A supply chain risk management policy acts like a compass for supply chain risk management decisions. Its role is to ensure that the actions taken by each stakeholder in the supply chain are aligned with the wider strategic and tactical objectives of the organization. Without an effective and clearly communicated policy, those stakeholders could end up pulling in different directions.
A well-designed supply chain risk management policy has two core elements: First, it defines a catalogue of risks, and the organization’s willingness to tolerate those risks. Second, it describes how responsibility for risk monitoring and mitigation actions will be allocated across the business.
Figure 1: Supply chain risk management policy defines risks and organizational responsibilities
Step 1 in a supply chain risk management policy: Defining risk appetite
Setting supply chain risk management policy is a balancing act. Businesses know (many from painful first-hand experience) that supply chain problems have costly and long-lasting consequences. That’s why leaders across sectors are making strenuous efforts to get those risks under control.
Figure 2: A comprehensive supply chain risk management policy supports financial and operational business growth.
But risk mitigation efforts come with their own costs: changes to procurement strategies, network footprint, or operational processes can each have an impact on the organization’s cost base, and on its ability to achieve wider strategic objectives.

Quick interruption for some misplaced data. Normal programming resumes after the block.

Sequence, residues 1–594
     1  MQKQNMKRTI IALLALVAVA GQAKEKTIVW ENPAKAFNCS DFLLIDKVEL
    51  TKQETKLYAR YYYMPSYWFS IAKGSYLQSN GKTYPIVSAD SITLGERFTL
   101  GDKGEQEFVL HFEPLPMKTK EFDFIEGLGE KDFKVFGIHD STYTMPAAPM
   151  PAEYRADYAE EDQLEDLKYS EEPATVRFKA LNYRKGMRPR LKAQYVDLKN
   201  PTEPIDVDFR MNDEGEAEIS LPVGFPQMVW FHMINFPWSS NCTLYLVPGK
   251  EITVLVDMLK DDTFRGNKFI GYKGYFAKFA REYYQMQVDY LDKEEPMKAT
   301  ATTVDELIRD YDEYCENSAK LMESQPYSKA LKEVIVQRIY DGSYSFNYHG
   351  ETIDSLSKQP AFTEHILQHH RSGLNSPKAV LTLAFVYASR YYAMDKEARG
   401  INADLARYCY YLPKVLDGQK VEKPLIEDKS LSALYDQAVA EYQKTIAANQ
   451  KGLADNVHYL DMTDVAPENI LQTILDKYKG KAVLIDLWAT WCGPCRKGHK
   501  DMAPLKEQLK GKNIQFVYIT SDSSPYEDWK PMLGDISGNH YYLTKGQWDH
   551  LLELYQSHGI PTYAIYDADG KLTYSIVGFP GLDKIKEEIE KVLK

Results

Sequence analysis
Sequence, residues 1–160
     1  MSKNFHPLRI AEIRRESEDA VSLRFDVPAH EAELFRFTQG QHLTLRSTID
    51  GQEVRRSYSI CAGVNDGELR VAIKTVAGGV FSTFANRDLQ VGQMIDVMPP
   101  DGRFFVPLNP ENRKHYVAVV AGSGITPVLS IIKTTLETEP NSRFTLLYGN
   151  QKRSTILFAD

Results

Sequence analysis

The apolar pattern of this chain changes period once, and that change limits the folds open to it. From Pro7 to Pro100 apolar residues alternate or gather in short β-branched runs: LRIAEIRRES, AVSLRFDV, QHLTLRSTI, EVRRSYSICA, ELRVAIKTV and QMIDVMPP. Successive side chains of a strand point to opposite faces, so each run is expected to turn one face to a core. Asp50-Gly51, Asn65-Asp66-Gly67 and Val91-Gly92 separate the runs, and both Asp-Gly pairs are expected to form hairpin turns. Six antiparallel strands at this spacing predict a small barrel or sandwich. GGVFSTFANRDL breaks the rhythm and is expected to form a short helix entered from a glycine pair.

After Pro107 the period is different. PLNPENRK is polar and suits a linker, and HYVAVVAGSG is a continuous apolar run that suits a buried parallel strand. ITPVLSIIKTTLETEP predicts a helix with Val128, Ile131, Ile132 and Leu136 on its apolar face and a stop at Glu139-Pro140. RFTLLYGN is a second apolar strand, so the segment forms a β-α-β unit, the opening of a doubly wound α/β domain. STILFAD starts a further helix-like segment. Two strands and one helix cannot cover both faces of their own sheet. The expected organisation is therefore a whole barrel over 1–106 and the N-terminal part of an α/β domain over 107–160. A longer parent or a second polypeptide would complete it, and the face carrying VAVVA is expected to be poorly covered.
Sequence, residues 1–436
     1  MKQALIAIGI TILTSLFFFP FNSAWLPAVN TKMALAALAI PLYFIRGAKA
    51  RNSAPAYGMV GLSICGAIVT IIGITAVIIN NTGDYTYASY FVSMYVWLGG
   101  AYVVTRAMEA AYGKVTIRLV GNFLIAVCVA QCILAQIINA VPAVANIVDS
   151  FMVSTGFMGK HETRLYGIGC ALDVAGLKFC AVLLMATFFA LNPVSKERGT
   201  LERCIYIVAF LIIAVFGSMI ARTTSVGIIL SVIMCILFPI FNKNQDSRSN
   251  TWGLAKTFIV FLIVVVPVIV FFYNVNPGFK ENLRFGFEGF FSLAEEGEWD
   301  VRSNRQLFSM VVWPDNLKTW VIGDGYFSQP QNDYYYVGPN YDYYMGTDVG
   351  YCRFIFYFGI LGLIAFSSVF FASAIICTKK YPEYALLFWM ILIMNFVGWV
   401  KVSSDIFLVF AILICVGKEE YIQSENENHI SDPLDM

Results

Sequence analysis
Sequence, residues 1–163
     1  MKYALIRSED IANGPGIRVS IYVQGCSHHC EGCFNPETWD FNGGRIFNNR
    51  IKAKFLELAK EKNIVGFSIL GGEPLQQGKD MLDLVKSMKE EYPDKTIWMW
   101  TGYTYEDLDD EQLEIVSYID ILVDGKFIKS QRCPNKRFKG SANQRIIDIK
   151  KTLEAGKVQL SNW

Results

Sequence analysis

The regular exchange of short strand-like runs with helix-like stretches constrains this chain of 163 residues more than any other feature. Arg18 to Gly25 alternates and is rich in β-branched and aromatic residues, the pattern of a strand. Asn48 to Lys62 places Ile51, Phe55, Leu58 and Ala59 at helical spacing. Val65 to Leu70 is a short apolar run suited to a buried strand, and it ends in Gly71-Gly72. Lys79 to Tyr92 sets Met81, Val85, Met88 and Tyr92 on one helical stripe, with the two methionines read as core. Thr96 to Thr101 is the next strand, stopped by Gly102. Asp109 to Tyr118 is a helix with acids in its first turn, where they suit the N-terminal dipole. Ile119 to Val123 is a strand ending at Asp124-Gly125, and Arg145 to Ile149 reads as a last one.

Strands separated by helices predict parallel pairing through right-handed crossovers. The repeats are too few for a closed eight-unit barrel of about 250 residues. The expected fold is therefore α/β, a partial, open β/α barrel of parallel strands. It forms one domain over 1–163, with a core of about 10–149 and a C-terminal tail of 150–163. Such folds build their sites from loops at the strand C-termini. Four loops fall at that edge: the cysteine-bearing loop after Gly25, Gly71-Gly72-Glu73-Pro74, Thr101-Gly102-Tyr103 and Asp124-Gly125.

And because supply chains are complex and tightly integrated with many parts of the business, the trade-offs between cost, risk and resilience are determined by hundreds or thousands of decisions made at every level in the organization.
The foundation of a supply chain risk management policy is a clear definition of where your operation lands between risk mitigation and its costs, your “risk appetite” so to speak. That’s the amount of risk that your organization is willing to take in pursuit of objectives that it deems to have value. Put another way, risk appetite is the maximum amount of residual risk that the business will accept after controls and mitigation measures have been put in place.
Identifying risk appetite tolerances
Risk appetite depends upon the culture of an organization, its industry sector, and ownership structure, among many other things. It will also vary depending on the type of risk involved, and the parts of the business affected. Companies will have zero tolerance for certain risk types, such as child labor in the supply chain. Other risks may be a normal part of business. Oil and gas companies know that remote production facilities will suffer occasional unplanned shutdowns, for example.
Your organization’s supply chain risk appetite depends upon its overall risk appetite, and is usually defined in collaboration with senior management and the corporate risk management function. If your business doesn’t yet have clear top-level risk policies in place, its supply chain leaders may want to define their own risk appetite in the interim.
Automated risk scoring